If you were to hide on my balcony right now, you would hear the sound of tango music playing. I come across this wonderful blog that collects beautiful tango songs, together with lyrics and English translation. This’s what I’ve been looking for, learning Spanish from songs. Just listening to them I am unconsciously taken away from where I am–from my dining table, onto the dance floor, feeling my steps, how I sweep my legs across the floor, counting the beats. Tango songs take me away just like that. No other kind of music has such effect on me. I think I’m under the spell–under the magical spell of tango.

“Be warned if you start taking tango lessons it will seduce and consume your life and you will then be force to make many pilgrimages back to Buenos Aires to dance.”Wikitravel on Buenos Aires

I came across that sentence even before I went to Buenos Aires, and jot it down in my notebook. I knew I had to rewrite that sentence again into one of my writing. And now I am. It’s funny when I was there I hadn’t seen the real Argentine tango, yet I’m now head over heel over it.

I also read about “cabeceo” in a guidebook while on the plane. On board from Bangkok to London on Feb 1st, I could hardly sleep. So I copied all the paragraphs about tango in the guidebook I took on the cabin with me. It’s Lonely Planet Argentina I think. A short history of tango, the cabeceo–etiquette of inviting a partner, the warning (like the above paragraph, which I should have taken it seriously), and the like.

“The ‘cabeceo’–the quick tilt of the head, eye contact and uplifted eyebrows–can happen from way across the room. The woman to whom the cabeceo is directed either nods yes and smiles, or pretends not to have noticed. If she says yes, the man gets up and escorts her to the floor. I you are at a ‘milonga’ and don’t want to dance with anyone, don’t look around too much–you could be breaking some hearts.” – Lonely Planet Argentina, 2012, p.90)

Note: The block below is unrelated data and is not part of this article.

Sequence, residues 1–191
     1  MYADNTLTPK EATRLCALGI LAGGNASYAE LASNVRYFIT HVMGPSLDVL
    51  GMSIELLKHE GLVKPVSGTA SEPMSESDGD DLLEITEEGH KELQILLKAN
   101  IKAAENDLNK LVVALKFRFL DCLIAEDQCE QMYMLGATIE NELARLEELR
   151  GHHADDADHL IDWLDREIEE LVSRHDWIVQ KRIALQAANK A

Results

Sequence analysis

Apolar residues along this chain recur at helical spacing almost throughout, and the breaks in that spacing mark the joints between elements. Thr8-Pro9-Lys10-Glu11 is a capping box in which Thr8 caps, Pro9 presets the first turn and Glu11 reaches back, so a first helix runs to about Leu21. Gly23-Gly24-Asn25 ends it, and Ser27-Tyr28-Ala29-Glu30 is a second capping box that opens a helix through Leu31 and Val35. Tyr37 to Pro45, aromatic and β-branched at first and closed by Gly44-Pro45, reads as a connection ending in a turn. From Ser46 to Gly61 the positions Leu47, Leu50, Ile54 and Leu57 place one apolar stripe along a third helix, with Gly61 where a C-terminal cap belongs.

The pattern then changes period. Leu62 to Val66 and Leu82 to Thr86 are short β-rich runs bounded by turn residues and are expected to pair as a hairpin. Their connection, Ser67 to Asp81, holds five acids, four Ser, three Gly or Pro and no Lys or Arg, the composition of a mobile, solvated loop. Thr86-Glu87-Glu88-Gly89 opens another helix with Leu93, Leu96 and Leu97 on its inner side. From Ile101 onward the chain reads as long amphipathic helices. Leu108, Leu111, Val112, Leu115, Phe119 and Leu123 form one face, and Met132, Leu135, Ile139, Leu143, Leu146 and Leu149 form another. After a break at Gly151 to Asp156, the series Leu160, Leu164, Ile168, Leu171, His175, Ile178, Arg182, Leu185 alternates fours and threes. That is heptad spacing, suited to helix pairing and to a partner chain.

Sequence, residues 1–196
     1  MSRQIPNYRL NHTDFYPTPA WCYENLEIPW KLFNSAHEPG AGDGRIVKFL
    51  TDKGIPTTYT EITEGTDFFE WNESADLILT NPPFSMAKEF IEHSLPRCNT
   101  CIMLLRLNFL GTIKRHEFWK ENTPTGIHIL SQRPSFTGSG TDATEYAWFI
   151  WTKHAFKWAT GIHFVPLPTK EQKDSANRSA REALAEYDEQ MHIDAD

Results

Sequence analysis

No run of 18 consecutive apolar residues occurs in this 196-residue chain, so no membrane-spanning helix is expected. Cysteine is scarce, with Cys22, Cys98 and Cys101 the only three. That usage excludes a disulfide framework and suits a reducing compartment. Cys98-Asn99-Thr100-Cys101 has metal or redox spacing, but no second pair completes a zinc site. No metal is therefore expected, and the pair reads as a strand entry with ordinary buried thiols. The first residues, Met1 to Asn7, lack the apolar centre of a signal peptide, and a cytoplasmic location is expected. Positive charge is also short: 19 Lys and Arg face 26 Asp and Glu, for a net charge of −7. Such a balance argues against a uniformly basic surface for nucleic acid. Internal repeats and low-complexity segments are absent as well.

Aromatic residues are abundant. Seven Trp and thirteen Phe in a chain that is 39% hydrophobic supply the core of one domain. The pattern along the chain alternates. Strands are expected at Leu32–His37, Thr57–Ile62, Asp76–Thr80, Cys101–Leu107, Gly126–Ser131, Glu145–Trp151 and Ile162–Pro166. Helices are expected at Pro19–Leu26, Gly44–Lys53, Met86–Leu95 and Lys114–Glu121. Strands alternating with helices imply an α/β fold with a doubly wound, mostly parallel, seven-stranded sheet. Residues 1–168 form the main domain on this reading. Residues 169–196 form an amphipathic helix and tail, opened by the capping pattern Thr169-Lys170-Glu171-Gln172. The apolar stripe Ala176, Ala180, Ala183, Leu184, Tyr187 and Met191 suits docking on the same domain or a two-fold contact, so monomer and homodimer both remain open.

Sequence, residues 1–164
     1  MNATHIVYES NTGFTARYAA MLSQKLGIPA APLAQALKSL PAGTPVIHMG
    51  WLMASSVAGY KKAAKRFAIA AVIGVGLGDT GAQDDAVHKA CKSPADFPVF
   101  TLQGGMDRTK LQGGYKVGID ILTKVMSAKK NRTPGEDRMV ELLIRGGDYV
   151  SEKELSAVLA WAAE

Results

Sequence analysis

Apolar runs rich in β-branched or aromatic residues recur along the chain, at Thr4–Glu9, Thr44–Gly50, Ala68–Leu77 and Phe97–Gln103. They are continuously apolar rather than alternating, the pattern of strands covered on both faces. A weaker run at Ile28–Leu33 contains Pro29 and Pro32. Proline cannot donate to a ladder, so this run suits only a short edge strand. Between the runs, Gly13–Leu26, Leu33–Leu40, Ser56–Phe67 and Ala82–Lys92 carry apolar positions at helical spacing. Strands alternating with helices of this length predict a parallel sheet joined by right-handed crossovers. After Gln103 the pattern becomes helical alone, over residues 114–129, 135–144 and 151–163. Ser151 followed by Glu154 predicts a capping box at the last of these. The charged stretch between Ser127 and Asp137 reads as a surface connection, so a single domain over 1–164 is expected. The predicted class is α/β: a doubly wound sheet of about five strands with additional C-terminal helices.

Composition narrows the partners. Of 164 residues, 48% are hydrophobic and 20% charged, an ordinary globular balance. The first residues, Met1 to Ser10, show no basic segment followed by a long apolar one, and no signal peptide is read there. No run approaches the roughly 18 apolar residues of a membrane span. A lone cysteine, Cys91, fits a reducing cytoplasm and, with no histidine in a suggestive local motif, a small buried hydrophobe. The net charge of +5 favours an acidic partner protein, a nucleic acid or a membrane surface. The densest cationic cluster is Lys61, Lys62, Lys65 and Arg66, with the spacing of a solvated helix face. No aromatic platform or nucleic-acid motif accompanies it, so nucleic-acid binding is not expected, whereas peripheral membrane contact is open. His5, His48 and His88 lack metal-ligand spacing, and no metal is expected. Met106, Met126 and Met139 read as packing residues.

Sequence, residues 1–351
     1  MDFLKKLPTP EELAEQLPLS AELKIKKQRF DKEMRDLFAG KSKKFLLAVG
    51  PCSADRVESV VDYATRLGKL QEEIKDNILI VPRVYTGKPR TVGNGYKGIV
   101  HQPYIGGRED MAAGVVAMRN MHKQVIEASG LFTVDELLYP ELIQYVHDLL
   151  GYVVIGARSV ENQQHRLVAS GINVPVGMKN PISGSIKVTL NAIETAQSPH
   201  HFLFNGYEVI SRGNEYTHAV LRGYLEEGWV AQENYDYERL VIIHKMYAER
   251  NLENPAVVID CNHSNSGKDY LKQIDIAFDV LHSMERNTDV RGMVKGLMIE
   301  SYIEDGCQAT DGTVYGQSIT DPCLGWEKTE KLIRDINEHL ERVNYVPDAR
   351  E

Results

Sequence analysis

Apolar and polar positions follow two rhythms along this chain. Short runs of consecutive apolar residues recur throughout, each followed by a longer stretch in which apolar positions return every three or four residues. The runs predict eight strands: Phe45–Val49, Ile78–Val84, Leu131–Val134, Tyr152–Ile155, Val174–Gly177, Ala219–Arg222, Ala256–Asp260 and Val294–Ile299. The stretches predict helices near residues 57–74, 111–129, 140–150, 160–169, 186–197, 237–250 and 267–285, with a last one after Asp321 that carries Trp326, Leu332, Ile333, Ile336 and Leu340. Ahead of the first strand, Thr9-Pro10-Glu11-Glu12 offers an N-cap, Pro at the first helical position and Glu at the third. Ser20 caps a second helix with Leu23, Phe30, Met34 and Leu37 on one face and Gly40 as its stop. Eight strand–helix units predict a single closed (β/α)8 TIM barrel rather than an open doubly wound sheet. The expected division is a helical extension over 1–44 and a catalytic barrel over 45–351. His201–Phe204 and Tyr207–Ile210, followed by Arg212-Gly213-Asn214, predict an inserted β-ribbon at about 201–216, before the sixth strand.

It would be awesome to observe some “cabeceo” happening somewhere across the room of “La Catedral del Tango” where we went, though one have to look hard because it’s a very subtle act between two people. Too bad there was no couple dancing in the place. That’s her trick. Buenos Aires beckoned me to come back to her. I know it.

Now I have found the tango song I’d like to dance to on my first performance, if there’s to be one 🙂 It is “Alas Rotas” (Broken Wings, 1940) by the musician named Edgardo Donato (Do you know him?). Here, listen. I also found a vdo of a couple dancing to the song on Youtube. They are pretty good. I’ll reach that level one day. Watch me.

Eduardo, you said while we were walking the street of San Telmo that you like tango music. Also you mentioned some names. Could you tell the names again or suggest me some musicians, singers that you like, and also your favorite tango songs? I would like to listen to them. I also learned another new word today: cafetin = a little café. It’s in the name of the first song from that blog that I randomly played: Cafetin de Buenos Aires, the first song that makes an impression on me. A wonderful ambassador to the world of tango music.

Too much about tango?

Feb 28, 2016


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